At the end of its development the ‘Bang for Buck’ motor was above 8 bar, on a cast cylinder too, which is a stage too far in terms of durability when using the above indicators. It would be better taken out to a larger cc like 225 while retaining the same power — reducing it to a safer BMEP level like the TS1. The RB250 (244cc) has a low 6.27 BMEP, suggesting it has good tuning potential, which if pushed to say a BMEP of 8 bar would result in 35bhp, which has been shown to be reliable at that level.

The 80s air-cooled motocross, in particular the last 250cc models, represent the cut-off point in air-cooled development, sitting at just below 8 bar BMEP. Browsing through an old motocross catalogue I found around 10 models from the era, including big European players like KTM, Maico, and Husqvarna… all with a quoted 33-36bhp range. This ties in well with the type of performance seen from most circuit racing GP6 Lambrettas, with some GP6 scooters up around the 40bhp point, which means they will also have the accompanying levels of service and reliability which you would expect to go hand in hand with these higher figures, should you want to use them on the road.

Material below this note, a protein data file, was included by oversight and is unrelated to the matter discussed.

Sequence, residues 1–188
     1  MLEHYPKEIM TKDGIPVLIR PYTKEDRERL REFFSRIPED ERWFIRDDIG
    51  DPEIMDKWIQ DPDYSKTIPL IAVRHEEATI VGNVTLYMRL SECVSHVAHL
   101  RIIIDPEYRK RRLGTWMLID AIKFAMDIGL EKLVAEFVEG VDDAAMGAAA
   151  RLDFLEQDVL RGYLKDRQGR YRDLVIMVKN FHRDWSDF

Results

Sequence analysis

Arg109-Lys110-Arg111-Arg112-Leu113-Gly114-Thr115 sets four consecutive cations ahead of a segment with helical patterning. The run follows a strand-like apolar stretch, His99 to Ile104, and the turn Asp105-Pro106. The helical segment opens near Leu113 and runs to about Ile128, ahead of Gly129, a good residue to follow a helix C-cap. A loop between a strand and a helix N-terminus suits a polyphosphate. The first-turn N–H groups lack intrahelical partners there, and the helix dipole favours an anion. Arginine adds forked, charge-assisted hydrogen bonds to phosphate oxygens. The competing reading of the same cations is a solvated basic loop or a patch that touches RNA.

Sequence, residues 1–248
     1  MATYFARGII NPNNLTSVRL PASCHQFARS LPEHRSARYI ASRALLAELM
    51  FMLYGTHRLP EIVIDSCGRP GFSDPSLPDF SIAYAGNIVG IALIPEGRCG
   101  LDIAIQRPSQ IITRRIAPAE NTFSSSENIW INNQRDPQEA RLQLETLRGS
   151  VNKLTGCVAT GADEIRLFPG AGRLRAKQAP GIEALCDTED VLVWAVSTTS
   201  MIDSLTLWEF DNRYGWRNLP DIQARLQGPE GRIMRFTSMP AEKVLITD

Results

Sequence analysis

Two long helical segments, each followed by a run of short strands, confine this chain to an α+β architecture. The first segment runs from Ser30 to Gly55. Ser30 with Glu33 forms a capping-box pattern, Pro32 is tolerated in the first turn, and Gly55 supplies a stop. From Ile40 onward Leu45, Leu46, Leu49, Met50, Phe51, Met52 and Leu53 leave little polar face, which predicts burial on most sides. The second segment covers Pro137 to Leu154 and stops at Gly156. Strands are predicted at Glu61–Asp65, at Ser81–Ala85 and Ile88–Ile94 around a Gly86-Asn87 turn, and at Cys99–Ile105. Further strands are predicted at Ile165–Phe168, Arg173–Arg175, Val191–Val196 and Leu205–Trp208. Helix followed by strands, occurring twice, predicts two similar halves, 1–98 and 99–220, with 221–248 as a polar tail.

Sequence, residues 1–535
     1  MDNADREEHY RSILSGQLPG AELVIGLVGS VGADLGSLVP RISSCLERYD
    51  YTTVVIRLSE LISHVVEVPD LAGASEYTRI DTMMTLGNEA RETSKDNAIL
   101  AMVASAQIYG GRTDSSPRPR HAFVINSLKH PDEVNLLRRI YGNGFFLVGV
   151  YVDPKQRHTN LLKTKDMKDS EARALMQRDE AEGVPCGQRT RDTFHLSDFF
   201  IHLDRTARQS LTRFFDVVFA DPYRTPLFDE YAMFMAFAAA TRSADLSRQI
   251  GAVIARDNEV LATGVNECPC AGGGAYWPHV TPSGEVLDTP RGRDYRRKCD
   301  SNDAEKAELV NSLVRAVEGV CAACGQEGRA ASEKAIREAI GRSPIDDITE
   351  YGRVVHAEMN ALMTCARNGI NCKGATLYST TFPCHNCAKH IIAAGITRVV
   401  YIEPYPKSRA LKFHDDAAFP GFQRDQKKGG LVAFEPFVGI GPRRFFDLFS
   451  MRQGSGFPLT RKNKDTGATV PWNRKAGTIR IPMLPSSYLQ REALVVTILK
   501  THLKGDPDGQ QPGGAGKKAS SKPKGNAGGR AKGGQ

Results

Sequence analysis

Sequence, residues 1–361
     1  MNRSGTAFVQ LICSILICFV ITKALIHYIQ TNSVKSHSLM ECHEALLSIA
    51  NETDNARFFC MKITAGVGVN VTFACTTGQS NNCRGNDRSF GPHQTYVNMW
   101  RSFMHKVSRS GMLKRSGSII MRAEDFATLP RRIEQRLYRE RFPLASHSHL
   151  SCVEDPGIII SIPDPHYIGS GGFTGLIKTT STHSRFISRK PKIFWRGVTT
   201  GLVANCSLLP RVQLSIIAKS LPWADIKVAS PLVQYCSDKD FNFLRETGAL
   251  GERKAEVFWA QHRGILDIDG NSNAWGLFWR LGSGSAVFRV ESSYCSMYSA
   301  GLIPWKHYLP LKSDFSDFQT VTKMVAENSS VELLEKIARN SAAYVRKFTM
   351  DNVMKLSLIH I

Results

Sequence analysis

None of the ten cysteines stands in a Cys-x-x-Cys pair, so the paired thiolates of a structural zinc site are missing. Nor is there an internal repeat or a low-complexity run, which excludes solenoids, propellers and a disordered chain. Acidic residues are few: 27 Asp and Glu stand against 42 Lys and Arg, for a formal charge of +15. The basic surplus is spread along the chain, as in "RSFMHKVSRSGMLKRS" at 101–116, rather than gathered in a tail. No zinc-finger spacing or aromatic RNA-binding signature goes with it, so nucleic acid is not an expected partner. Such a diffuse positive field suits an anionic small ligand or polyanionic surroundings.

Tuned RB: When it comes to scooter tuning, when is enough enough, and how much is too much?

The air-cooling of 80s motocross machines meant that they had to utilize huge fin cylinders with large heads to match, and were for race use. They worked hard at low speeds in muddy environments and that will not have helped their cause. Scooters with reduced fin areas, but an efficient fan and cowl design, may just be able to match the cooling they offered.